Tuesday, November 29, 2011

Some Vino Might Lower Diabetes Risk in Carb Lovers

Plenty of research shows that the typical North American diet is carbohydrate heavy. We adore our pizzas, pastas, breads and cereals. Much of this focus on carbs and fear of fats has to do with the advocacy health professionals and researchers of adopting a low-fat diet and the inadequacy of the average diet in terms of protein.

Certainly, carbs are necessary for good health, but consuming excessive amounts, particularly of refined carbohydrates and processed foods, significantly contributes to weight gain and the risk of developing diabetes, among other chronic diseases. So without making too radical a change, what can carb-lovers do to improve their health? According to Harvard researchers, raising a glass might help.

Recent research from the Harvard School of Public Health suggests that alcohol-drinkers whose diets are carbohydrate-rich are at a 30% lower risk of developing type 2 diabetes than non-drinkers with similar dietary habits.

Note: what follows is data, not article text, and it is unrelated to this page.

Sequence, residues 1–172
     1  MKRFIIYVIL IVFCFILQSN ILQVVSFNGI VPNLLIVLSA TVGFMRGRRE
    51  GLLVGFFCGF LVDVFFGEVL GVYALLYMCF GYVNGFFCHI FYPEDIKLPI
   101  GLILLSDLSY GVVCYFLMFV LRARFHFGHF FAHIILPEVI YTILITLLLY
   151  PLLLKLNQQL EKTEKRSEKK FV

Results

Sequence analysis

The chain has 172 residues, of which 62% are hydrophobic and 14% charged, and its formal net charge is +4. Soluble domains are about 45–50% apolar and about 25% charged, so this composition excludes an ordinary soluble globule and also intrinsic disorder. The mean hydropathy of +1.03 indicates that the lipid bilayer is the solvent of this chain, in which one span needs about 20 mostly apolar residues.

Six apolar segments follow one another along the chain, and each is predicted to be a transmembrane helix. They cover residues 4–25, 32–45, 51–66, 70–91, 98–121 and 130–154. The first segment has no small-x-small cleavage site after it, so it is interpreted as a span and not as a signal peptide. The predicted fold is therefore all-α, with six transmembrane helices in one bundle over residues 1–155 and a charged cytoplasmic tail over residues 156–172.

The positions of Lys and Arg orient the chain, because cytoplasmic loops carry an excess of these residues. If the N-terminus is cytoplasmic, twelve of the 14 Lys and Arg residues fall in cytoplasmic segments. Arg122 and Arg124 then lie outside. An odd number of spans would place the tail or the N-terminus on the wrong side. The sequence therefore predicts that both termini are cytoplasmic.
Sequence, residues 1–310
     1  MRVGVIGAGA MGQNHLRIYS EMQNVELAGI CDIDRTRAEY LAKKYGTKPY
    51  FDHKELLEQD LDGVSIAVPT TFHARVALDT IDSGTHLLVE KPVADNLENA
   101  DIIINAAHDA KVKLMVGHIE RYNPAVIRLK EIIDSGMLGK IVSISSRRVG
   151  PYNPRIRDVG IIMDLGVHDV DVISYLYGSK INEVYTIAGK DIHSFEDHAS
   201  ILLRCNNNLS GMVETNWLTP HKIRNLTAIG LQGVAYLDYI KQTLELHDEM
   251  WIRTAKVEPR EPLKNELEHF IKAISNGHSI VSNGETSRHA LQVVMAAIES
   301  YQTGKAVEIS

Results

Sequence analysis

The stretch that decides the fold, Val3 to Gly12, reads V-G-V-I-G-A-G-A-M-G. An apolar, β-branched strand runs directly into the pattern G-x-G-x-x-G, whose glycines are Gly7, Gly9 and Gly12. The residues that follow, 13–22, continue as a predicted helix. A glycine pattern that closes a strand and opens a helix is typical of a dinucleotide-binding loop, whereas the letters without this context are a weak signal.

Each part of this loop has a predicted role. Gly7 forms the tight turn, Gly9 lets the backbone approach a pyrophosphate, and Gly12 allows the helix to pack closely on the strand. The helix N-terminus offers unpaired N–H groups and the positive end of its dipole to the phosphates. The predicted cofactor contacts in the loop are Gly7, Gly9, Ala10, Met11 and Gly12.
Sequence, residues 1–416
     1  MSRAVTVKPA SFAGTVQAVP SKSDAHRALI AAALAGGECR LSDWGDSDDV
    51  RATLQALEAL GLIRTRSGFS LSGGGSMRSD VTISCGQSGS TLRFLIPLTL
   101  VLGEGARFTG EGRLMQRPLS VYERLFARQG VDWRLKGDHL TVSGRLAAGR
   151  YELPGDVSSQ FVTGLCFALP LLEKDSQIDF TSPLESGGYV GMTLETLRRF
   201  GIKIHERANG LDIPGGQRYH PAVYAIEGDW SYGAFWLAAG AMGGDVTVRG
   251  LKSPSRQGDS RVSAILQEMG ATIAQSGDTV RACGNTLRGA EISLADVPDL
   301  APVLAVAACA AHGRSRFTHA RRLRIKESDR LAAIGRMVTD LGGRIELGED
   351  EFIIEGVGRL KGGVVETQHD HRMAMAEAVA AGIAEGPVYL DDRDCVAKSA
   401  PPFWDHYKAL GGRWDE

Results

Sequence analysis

The study followed about 80,000 women over a span of 26 years and kept tabs on their dietary habits. By the end, it was revealed that those who regularly consumed large amounts of refined carbohydrates but moderate amounts of alcohol (about 2 drinks per week) fared better in terms of their diabetes risks compared to non-drinking carb-lovers.

The researchers aren't saying that alcohol necessarily protects people with high-carb diets from diabetes nor are they encouraging alcohol consumption. They think that perhaps alcohol can affect the body's release of insulin and other substances after a meal, attenuating the blood sugar highs and lows that may lead to diabetes, however more research needs to be done in this area to gather more conclusive evidence. For now, their advice remains the same as what we're always told- follow a diet lower in refined carbohydrates for better health, and if you drink, do so moderately.